IDEAS home Printed from
   My bibliography  Save this paper

On the Theory of Optimal Taxation in a Growing Economy


  • Martin Feldstein


This paper considers the following question: Would a "golden rule" capital accumulation policy of equating the marginal product of capital to the rate of growth of population be appropriate in a mixed economy in which the government does not have direct control over resource allocation but can use distortionary taxes to obtain resources for augmenting the private capital stock? The key result derived hereis that the golden rule level of capital intensity remains optimal if the tax structure that prevails at the equilibrium does not alter the individual labor supply. This is true even if the constancy of labor supply represents a balancing of income effects and substitution effects of a distortionary tax. In contrast, if the form of the tax and the nature of the utility function imply that labor supply is distorted, the optimal capital intensity will in general not correspond to the golden rule level.

Suggested Citation

  • Martin Feldstein, 1984. "On the Theory of Optimal Taxation in a Growing Economy," NBER Working Papers 1435, National Bureau of Economic Research, Inc.
  • Handle: RePEc:nbr:nberwo:1435
    Note: PE

    Download full text from publisher

    File URL:
    Download Restriction: no


    Citations are extracted by the CitEc Project, subscribe to its RSS feed for this item.

    Cited by:

    1. David G. Hartman, 1985. "On the Optimal Taxation of Capital Income in the Open Economy," NBER Working Papers 1550, National Bureau of Economic Research, Inc.

    More about this item


    Access and download statistics


    All material on this site has been provided by the respective publishers and authors. You can help correct errors and omissions. When requesting a correction, please mention this item's handle: RePEc:nbr:nberwo:1435. See general information about how to correct material in RePEc.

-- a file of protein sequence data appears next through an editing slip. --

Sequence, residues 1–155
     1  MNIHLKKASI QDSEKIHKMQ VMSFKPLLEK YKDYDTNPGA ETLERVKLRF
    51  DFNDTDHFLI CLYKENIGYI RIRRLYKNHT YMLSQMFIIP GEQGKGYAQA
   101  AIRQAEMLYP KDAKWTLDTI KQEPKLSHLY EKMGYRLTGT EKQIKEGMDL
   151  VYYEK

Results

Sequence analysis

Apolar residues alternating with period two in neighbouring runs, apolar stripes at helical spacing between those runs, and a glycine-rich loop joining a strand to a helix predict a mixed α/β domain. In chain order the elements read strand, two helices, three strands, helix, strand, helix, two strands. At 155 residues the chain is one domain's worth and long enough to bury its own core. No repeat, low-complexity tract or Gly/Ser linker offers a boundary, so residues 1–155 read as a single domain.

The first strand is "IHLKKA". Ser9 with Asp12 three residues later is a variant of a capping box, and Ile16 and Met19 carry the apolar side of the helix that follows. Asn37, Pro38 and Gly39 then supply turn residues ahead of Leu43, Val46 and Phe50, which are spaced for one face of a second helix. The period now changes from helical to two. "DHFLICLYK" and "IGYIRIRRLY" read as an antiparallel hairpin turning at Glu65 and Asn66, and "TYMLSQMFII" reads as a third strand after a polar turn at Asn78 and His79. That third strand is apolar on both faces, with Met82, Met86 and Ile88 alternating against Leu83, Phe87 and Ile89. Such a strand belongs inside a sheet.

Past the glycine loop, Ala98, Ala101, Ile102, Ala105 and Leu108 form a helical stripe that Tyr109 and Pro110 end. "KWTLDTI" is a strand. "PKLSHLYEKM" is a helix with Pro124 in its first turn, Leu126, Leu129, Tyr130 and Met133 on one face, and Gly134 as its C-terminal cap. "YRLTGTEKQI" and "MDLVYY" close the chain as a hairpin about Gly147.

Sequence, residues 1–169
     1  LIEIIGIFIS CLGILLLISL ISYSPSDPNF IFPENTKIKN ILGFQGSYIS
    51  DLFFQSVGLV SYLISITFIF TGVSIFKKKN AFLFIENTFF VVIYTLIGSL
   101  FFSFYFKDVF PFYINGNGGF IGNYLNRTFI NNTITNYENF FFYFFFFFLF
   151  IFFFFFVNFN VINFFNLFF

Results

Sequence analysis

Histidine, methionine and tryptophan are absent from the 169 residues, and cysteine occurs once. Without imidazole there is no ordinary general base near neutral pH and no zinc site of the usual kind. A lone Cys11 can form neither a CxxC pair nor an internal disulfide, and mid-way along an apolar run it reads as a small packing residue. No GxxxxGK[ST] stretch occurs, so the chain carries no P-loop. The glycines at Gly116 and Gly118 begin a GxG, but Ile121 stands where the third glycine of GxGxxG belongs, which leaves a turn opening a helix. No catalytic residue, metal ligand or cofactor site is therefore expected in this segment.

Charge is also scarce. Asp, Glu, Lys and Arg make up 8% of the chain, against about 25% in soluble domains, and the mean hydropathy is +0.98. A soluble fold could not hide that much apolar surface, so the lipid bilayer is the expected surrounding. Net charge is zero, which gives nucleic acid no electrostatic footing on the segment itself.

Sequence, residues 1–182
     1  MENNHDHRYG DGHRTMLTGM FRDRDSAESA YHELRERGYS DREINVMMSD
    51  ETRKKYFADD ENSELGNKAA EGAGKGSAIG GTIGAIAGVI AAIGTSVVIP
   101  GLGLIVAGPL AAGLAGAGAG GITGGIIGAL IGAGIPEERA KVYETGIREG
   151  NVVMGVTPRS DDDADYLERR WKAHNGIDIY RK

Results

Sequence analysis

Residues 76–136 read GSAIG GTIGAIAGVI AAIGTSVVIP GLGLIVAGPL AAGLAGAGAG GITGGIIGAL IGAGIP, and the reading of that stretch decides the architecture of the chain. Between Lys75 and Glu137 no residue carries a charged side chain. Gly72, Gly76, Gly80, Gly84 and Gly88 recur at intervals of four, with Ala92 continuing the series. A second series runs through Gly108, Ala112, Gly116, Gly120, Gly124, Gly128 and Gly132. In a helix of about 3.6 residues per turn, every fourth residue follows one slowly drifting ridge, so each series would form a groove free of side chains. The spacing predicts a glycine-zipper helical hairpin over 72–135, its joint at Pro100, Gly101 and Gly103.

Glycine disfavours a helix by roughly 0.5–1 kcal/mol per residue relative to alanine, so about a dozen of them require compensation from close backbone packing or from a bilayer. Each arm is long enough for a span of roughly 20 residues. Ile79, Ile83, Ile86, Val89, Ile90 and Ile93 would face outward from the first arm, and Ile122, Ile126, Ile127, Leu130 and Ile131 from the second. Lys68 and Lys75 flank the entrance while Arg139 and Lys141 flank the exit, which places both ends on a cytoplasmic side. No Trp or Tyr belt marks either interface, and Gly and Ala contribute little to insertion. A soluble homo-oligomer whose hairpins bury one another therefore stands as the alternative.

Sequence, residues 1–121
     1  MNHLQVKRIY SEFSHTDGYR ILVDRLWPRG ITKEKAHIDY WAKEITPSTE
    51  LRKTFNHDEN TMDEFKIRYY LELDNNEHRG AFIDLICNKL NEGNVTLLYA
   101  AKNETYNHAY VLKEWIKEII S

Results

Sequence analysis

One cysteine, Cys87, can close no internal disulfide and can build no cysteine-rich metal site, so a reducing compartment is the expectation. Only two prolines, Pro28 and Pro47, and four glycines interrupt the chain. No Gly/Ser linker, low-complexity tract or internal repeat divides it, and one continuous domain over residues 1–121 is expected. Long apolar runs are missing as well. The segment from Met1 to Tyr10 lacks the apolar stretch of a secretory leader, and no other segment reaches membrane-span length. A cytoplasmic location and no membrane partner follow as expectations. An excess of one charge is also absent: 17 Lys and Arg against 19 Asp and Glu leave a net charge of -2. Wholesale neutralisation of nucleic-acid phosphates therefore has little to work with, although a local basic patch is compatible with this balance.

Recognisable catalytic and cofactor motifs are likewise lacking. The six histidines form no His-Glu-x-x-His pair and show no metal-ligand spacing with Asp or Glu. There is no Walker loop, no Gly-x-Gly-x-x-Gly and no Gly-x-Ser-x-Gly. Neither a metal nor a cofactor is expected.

For technical questions regarding this item, or to correct its authors, title, abstract, bibliographic or download information, contact: () or (Joanne Lustig). General contact details of provider: .

    If you have authored this item and are not yet registered with RePEc, we encourage you to do it here. This allows to link your profile to this item. It also allows you to accept potential citations to this item that we are uncertain about.

    We have no references for this item. You can help adding them by using this form .

    If you know of missing items citing this one, you can help us creating those links by adding the relevant references in the same way as above, for each refering item. If you are a registered author of this item, you may also want to check the "citations" tab in your RePEc Author Service profile, as there may be some citations waiting for confirmation.

    Please note that corrections may take a couple of weeks to filter through the various RePEc services.

    IDEAS is a RePEc service hosted by the Research Division of the Federal Reserve Bank of St. Louis . RePEc uses bibliographic data supplied by the respective publishers.